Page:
Music Review: Coke Studio S9 Has Flavours of Spring and Divinity

Episode 1 of Coke Studio season 9 stuns with Abida Parveen and Zeb Bangash, but turns out to be a mixed bag.

3 min read

Coke Studio, our favourite annual music project, just got even more collaborative in its 9th season, fusing Pakistani artists, genres, producers and melodies like never before. This is one broth that only gets better with the number of cooks stirring it.

As the first episode of the brand new season drifted onto our playlists on 13 August, it gave my Independence Day celebrations a happy flavour. In its music, Pakistan and India come together beautifully. What makes season 9 really unique is the coming together of six music directors (including the Noori brothers). And what makes it consistently brilliant is that it brings us face to face with intense folk and contemporary talent that has somehow been quite underrated.

Episode 1 though, is a mixed bag. While Aaqa and Aaja Re Moray Saiyaan stand out as soul stirring tracks, Janay Na Tu and Sasu Mangay are more of a one time listen.

Touched By Divinity: Aaqa Featuring Abida Parveen and Ali Sethi

I have to admit my bias towards Abida Parveen (and anything she sings), but what really makes this devotional qawwali sublime is Ali Sethi. His vocal range and the unconventional pairing with the legendary sufi icon makes this track worthy of playing on loop. The qawwals singing the chorus take Aaqa to a divine high and in my opinion they’re big stars too. Shuja Haider’s recreation of the age old naat is interesting and what I love even more than Sethi and Parveen coming together for the very first time, is the perfect harmony between the harmonium, the rubab and a fierce set of drums.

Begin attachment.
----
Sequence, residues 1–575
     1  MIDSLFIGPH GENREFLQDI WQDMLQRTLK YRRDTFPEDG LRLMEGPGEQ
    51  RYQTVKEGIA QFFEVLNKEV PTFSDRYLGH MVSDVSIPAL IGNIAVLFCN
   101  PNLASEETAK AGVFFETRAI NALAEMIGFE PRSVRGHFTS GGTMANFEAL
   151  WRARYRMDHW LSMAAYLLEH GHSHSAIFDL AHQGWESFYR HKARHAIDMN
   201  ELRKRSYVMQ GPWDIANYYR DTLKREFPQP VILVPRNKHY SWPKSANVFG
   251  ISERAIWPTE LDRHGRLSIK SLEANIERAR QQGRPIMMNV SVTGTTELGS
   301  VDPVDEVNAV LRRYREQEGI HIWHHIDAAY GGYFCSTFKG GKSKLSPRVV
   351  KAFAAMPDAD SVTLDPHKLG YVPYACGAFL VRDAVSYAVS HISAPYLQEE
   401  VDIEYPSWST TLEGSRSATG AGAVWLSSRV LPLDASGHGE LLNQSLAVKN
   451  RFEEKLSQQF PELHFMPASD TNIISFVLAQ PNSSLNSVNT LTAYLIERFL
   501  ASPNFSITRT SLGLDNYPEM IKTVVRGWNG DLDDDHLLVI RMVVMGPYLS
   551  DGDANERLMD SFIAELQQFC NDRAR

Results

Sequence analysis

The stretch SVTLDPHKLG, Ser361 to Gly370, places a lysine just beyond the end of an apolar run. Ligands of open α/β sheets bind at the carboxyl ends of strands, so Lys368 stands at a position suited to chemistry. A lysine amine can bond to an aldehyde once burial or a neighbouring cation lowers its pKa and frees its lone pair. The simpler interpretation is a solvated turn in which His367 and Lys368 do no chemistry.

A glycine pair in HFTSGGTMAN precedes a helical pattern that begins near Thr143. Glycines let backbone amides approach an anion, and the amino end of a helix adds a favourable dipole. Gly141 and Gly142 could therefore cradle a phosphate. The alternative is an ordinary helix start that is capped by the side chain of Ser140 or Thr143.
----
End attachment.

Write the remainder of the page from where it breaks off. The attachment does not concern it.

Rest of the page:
It must’ve been intimidating enough for Sethi to perform sitting next to the queen of sufi, and while she remains unbeatable, I applaud him for stepping out of his comfort zone and winning this. Yeh sab tumahra karam hai aaqa, true words have been sung.


Falling In Love With Autumn: Aaja Re Moray Saiyaan Featuring Zeb Bangash

Zeb Bangash and the Noori brothers come together for a love song that has the freshness of spring. It’s flamboyant, happy and full of hope. Ali Hamza drops his rock band act for this one and blends in with Zeb’s vocals effortlessly. A clever collaboration I must say. Aaja Re Moray Saiyaan is a perfect amalgamation of Hindustani khayal and Pakistani kamaal. With a few words of Urdu sprinkled here and there, this funky folk melody is easy and accessible, perfect for that weekend long drive too. Rim jhim rim jhim megha barse is my favourite verse, for obvious reasons :P

Disappointingly Un-Original: Janay Na Tu Featuring Ali Khan

Ali Khan has been missing in action for a whole decade, ever since his chartbuster hit Saathiya, back in 2006. His comeback with Janay Na Tu is proof that he’s still stuck in time with pop ballads, and is singing them the same way too. This might be a groovy take on heartbreak, but it seriously lacks the element of fusion and originality. Honestly, I heard the whole track only because I’m a fan of Jaffer Zaidi, the lead singer of Kaavish, and the music director of this nostalgic number. Janay Na Tu might have worked well in the era in which Ali penned it, but it slips into the corny and over produced zone today.


Folk Trumps Rock: Sasu Mangay Featuring Umair Jaswal and Naseebo Lal

If you loved Shiraz Uppal’s genius in Atif Aslam’s Tajdar-E-Haram from the last season, this Rajasthani folk fusion will leave you a bit flummoxed. Though Naseebo Lal’s rustic voice will transport you back to the dunes, Umair Jaswal fails to experiment with his standard rock style. Sasu Mangay could be a fun play in a wedding set up, but otherwise, it’s worth only a one time play.

While episode 1 might have turned out to be a mixed bag, I still have my hopes pinned high for the rest of the season. In music at least, Pakistan and India remain inseparable.

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